eMediNews

(incorporating eIMA News)

January 28 2016, Thursday

EDITORIAL
 
     
 
   
   
     

 

Do not travel if you are pregnant: IMA Alert

Pregnant women should avoid traveling to countries at risk of mosquito-borne Zika virus transmission, which is strongly suspected of causing microcephaly. In hard-hit Brazil there is a possible link between the virus and Guillain-Barré syndrome. The list of countries in the travel alert issued by the CDC is as follows:

  • The 14 countries and territories earlier identified in Central and South America and the Caribbean are Brazil, Colombia, El Salvador, French Guiana, Guatemala, Haiti, Honduras, Martinique, Mexico, Panama, Paraguay, Suriname, Venezuela and the Commonwealth of Puerto Rico.
  • The CDC added 8 countries and territories to the list; of these, six are in the Caribbean and South America: Barbados, Bolivia, Ecuador, Guadeloupe, Saint Martin, and Guyana and the two Cape Verde and Samoa, break the geographic pattern. Cape Verde is off the coast of Africa while Samoa is in Polynesia.
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Breaking News 

Botox gets FDA nod for lower limb spasticity

Govt expands coverage of Jan Aushadhi scheme

Video of the day

Dr K.K Aggarwal in conversation with Dr M. Khalilullah on Syncope

 Live Conference Updates 

Live Conference Updates - APICON 2016

Cases of the Week

Gastrointestinal - Henoch schonlein purpura with upper gastrointestinal haemorrhage in adult

Surgery - Unusual presentation of lipoma: A case report

Ophthalmology - Corneal-scleral melting in a diabetic patient

     
   

Specialty Updates

Cardiology Update - Heart attack statement on women

Infectious Disease Update - CDC releases guidelines on Zika virus infection in infants

Psychiatry Update - New depression screening guidelines released

Diabetes Update - A new campaign to raise prediabetes awareness in the US

Pediatrics Update - Oral propranolol effectively reduces infantile hemangioma

Gastroenterology Update - Fecal immunochemical test screening effective at 4 years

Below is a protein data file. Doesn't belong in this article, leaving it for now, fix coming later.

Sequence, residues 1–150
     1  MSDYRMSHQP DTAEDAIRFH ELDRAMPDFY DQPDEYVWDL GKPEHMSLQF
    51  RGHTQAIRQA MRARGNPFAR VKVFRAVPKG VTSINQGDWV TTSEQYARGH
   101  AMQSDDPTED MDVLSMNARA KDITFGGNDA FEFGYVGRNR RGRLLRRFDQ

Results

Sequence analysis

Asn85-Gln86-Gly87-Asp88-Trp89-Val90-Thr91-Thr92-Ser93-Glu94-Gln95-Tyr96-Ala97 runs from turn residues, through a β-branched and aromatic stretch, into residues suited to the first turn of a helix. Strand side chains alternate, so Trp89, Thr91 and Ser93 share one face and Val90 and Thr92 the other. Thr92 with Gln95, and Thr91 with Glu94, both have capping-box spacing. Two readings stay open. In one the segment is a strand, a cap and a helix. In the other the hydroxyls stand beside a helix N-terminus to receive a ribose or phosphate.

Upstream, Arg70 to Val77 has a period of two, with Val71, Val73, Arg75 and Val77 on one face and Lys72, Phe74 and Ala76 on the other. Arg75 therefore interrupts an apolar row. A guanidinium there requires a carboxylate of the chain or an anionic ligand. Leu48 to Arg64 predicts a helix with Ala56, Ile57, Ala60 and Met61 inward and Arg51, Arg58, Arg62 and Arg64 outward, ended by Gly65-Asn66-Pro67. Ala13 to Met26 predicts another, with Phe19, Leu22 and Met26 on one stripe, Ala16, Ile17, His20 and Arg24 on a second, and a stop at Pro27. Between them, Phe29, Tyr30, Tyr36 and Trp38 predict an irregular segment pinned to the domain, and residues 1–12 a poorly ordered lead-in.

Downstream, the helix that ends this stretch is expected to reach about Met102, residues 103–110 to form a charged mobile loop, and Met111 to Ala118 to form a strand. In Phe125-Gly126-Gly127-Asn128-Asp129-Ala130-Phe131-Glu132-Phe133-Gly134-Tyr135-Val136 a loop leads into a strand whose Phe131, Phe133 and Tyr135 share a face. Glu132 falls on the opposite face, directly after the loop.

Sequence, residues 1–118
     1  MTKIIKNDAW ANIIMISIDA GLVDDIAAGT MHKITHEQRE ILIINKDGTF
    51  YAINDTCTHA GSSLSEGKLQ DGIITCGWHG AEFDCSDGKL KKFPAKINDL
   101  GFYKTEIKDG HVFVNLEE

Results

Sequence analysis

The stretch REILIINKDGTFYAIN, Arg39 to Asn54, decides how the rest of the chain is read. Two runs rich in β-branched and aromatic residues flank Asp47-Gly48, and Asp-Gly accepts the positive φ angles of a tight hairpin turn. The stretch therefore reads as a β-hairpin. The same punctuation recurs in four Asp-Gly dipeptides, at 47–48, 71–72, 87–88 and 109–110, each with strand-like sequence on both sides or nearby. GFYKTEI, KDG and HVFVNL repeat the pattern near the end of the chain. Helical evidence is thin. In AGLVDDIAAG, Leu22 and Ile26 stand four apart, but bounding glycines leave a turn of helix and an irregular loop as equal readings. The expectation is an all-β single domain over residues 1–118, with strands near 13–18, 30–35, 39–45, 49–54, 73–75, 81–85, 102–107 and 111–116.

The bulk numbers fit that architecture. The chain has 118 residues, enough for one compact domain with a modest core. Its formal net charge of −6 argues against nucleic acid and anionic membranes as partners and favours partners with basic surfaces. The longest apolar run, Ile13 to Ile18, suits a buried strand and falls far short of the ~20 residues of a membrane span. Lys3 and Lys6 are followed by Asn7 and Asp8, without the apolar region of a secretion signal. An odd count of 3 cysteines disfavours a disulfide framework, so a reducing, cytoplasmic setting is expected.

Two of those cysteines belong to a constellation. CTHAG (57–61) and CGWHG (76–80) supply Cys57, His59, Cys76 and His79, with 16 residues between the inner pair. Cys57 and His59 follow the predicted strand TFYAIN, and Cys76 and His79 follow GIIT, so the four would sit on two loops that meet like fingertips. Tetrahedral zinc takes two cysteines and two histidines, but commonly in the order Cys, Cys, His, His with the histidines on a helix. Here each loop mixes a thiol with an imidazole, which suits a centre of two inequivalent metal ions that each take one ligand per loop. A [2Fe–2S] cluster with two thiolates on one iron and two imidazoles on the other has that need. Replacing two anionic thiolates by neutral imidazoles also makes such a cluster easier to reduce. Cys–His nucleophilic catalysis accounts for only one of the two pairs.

PHOTO QUIZ

Photo Quiz - Spot The Diagnosis

eMEDI QUIZ 

A 39-year-old presented with purulent nasal discharge, dyspnea, cough and hemoptysis. Examination revealed raised purpuric eruptions on lower limb and bilateral nodular infiltrates on chest X-ray. BP: 170/100, ESR: 110/hr. Increased creatinine level. Hematuria. Proteinuria. Temp: 100.4o F. What is your provisional diagnosis for this case?

WHAT'S YOUR TAKE?

Is it a good practice for any nation to gift its neighboring country ambulances while ignoring the fact that it has acute shortage of the same back home?

eIMA News UPDATES

IMA Polio Dates:

  • April 1st: tOPV would not be available after this date.
  • April 11th: bOPV would be available in private market but 
 
Read IMA JIMA Online:
Watch YouTube Video On IMA Satyagraha
Participate In IMA Poll On ART Bill

IMA NATCON 2015 

 
   
LIFESTYLE UPDATES

eWellness - Economy - class syndrome

eSpiritual -  Why Spirituality is Friendly to wellbeing

Inspirational Story - The Acorn Planter

LIGHTER READING
HUMOR -  Old age secret 
DR GOOD DR BAD
MAKE SURE
     
   
 
 
MEDICOLEGAL CORNER

Legal Quote - Is it legally necessary for a physician to display his registration number while issuing a payment receipt?

Bioethical issues in medical practice - Blood transfusion to a Jehovah’s Witness follower

PRESS RELEASE

 

Controlling cholesterol levels can help regress heart disease

 

New Delhi, January 27, 2016: High blood cholesterol is one of the major risk factors for heart disease. In fact, the higher your blood cholesterol level, the greater your risk for developing heart disease or having a heart attack. When there is too much cholesterol (a fat-like substance) in your blood, it builds up in the walls of your arteries. Over time, this buildup causes "hardening of the arteries" so that arteries become narrowed and blood flow to the heart is slowed down or blocked. The blood carries oxygen to the heart, and if enough blood and oxygen cannot reach your heart, you may suffer chest pain. If the blood supply to a portion of the heart is completely cut off by a blockage, the result is a heart attack.